December 2, 2016
Christmas Wreaths: An Old-Fashioned Holiday, Part II
In doing our research on Christmas Tree Farms (see more about that here), we came across a couple of truly unique local wreaths. Handcrafted on the South Coast with care and attention, you gotta pay attention to these. Put them on your door and your neighbors will take notice. (Note: This post was originally published in December 2016. It’s been updated to reflect the 2017 Holiday season.)
The Real Thing: Handcrafted Boxwood Wreaths
In 1960, the Pomfrets opened a florist in Somerset. That Christmas, Guy Pomfret began crafting boxwood wreaths by hand for his customers. His son David who now runs the florist shop remembers that he could pick out the Pomfret wreaths around town when he was a kid making floral deliveries. “It’s the bow,” he says. “It’s a handmade bow of cranberry red velvet, nicer than anything else you see.”
That’s not the only singular thing about the wreaths. They are made on a moss frame that has been soaked in water. With plenty of moisture, the wreaths last long after the holidays. David says that some customers keep them on their doors until Easter. It’s a way to get through the shortest, darkest days with a little style.
Each wreath is painstakingly crafted with individual boxwood by Guy Pomfret. After a few years of “retirement,” he told David he wanted to start making the boxwood wreaths again. He’s back at it this year. Guy will make each and every one they sell. “It’s a lost art,” David says.
In the late 1990s, David and his wife Jennifer moved to Weinheim, Germany. They lived in the old part of town in a blacksmith’s home dating from the 1700s. On the path to their garden, near the town’s exotic forest, were some boxwood shrubs. David says he knew exactly what his wife would say as soon as she saw the boxwood. “You know what you’re making me for Christmas!” she told him. He remembers making a boxwood wreath for her that year, working out of the bathroom tub. He says, “you can take the boy out of Somerset, but you can’t take the florist out of him.”
He says, “you can take the boy out of Somerset, but you can’t take the florist out of him.”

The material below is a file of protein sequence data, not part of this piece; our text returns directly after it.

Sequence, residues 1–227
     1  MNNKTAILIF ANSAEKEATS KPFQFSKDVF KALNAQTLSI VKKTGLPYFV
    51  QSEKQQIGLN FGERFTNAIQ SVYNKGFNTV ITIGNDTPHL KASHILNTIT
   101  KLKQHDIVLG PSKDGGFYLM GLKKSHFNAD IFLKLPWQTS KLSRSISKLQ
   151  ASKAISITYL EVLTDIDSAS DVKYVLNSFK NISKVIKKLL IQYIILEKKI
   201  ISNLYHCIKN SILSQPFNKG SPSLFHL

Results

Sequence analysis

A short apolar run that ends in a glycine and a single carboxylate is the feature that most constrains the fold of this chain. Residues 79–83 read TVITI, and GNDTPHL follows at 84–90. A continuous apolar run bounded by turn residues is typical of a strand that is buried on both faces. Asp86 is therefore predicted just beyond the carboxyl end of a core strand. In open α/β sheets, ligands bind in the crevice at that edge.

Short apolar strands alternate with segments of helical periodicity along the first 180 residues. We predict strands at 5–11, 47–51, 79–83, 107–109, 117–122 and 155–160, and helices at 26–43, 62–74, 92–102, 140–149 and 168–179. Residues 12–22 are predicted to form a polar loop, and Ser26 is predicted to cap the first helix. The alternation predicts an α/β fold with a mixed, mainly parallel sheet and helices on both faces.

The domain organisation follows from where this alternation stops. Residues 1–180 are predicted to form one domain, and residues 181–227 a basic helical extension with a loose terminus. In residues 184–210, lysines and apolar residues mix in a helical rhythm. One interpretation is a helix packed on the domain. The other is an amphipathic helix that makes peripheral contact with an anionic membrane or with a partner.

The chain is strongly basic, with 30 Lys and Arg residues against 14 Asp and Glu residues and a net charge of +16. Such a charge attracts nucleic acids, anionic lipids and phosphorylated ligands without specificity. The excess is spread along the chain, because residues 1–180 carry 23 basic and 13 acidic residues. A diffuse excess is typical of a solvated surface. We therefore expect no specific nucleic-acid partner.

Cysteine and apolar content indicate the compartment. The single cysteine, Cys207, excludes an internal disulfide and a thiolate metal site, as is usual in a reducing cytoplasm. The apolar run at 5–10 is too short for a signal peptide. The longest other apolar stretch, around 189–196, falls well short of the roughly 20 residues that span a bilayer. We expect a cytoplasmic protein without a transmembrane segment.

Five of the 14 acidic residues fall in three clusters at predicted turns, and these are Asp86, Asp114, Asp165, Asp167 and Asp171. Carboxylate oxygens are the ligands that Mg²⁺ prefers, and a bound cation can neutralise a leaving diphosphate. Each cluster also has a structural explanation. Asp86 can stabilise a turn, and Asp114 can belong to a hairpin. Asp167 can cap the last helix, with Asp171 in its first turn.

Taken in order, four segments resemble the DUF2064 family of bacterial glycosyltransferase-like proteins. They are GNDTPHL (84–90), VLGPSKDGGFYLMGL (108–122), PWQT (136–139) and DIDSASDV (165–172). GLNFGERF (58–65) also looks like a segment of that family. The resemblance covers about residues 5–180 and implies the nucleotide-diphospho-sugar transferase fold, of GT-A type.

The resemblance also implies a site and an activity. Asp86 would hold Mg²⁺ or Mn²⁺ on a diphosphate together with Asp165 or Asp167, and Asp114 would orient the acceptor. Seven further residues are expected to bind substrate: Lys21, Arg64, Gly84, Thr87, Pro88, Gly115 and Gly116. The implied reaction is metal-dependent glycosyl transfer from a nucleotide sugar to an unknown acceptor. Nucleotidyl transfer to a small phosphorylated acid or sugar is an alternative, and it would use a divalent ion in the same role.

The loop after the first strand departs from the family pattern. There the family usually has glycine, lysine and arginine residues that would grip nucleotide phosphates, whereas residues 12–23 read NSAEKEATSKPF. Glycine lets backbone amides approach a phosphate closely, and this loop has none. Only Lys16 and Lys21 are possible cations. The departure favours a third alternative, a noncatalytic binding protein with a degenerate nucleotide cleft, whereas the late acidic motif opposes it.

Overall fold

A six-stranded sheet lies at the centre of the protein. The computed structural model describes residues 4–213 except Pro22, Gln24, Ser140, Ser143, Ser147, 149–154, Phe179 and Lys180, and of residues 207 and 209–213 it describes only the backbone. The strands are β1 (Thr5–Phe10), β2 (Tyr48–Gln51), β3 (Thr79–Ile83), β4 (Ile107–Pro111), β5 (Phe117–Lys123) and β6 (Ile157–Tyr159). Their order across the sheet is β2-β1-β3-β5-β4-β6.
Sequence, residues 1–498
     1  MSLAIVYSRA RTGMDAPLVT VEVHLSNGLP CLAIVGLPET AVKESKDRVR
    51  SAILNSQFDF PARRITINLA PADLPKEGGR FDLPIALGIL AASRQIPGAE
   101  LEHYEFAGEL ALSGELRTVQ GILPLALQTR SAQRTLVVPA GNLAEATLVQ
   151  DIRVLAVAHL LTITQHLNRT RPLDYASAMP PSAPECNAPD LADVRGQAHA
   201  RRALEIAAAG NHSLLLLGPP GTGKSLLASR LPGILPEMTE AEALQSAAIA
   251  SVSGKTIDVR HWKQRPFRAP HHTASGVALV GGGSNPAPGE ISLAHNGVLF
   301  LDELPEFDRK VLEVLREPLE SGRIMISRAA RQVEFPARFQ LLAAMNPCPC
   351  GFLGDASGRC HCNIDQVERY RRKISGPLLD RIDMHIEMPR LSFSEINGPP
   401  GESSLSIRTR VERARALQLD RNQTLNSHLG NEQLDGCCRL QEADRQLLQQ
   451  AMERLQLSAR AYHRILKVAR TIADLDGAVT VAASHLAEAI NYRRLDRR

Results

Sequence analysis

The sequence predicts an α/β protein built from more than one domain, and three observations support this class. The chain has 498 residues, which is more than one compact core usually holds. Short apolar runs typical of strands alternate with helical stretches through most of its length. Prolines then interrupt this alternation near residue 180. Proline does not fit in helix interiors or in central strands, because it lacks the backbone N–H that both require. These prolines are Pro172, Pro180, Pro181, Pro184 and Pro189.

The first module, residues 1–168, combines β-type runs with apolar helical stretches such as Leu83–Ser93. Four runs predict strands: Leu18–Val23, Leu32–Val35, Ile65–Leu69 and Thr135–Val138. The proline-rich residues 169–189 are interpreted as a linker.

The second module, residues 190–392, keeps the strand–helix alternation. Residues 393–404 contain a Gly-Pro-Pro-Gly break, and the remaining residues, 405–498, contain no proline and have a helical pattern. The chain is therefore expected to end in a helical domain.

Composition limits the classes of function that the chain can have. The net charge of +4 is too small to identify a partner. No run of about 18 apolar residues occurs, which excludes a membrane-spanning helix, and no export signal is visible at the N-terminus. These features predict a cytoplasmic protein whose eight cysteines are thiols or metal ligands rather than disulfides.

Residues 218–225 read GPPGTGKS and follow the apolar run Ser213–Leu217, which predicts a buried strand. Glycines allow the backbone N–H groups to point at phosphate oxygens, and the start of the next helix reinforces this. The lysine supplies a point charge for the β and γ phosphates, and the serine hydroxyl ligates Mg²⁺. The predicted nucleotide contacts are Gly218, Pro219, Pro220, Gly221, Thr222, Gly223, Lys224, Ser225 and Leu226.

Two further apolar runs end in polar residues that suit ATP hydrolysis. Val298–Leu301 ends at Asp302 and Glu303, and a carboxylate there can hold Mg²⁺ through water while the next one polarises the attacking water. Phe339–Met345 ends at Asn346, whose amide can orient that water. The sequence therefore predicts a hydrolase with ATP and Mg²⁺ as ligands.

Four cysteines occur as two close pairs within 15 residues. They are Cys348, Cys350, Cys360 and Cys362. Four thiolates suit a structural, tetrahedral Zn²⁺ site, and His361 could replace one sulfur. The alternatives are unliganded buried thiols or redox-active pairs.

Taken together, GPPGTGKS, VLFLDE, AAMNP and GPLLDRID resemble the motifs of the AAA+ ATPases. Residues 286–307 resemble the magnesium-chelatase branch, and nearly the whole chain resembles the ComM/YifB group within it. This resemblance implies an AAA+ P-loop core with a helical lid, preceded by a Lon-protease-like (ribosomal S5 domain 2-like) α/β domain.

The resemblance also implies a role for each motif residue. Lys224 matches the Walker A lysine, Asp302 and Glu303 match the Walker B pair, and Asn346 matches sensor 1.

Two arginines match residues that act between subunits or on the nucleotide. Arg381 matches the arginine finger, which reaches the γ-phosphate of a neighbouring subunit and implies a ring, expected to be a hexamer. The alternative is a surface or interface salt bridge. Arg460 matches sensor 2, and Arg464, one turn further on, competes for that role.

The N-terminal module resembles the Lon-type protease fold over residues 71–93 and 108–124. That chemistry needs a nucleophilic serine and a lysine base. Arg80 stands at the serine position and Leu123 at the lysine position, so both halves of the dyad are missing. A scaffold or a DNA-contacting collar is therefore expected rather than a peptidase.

Their German neighbors were mesmerized by the boxwood wreath. They’d walk by the Pomfret’s home and take pictures. They’d ask David and Jennifer where they found the wreath. David laughs, “I missed an opportunity. I should have sold boxwood wreaths in Germany.”
Instead, he came home in 2002 to take over running the family business. And he’s more than happy that his dad has taken over the boxwood wreaths again.
Check out the wreaths this weekend at Pomfret Florist’s open house on Saturday, December 2, 2017 from noon to 5 p.m. 836 County Street, Somerset. (508) 678-6481. Boxwood wreaths are $49 and up. They also sell handcrafted gifts.
Wreaths with a Coastal Flair
Marion landscape designer Susannah Davis first started making wreaths for her friends and family twenty years ago using unusual plants that she had cultivated in her yard. She added Wareham oyster shells to give them a coastal flair.
They were a big hit. So she made them for her landscape design clients. They wanted more. And thus a cottage industry was born. A few years ago, she partnered with Sarah Miquelle of Sarah Brown Studios and they now make over 100 pieces each year: sprays, wreaths and candle rings.
Last year, they shipped to 14 states, as far away as Texas and Washington state. She gets effusive notes from people around the country who love their wreaths. Susannah says, “I’ll have customers tell me, ‘Great Aunt Tillie is SO happy!’”
What makes them so special? Davis uses “wild and wacky” greens with plenty of interesting textures. But she doesn’t tell you exactly what they are. Their very unconventionality is part of the mystery of these wreaths. In fact, Davis offers a competition: “If anyone can tell me the genus and species of every plant in their wreath, I’ll give them a free wreath.”
Each year, the business keeps increasing. And they keep adding designs. This year, they designed a wreath that showcases magnolia – “people are wild about magnolias,” Susannah says. The original design – with the oyster shells and textured greens – is still a best seller.
One person ordered 12 wreaths this year. “Her whole Christmas list,” Susannah says, “Because it’s the perfect gift. You cannot lose.”
Wreaths are $75, sprays are $50. Orders of 5 or more receive a 10% discount. To order, call (508) 498-4677 or email [email protected]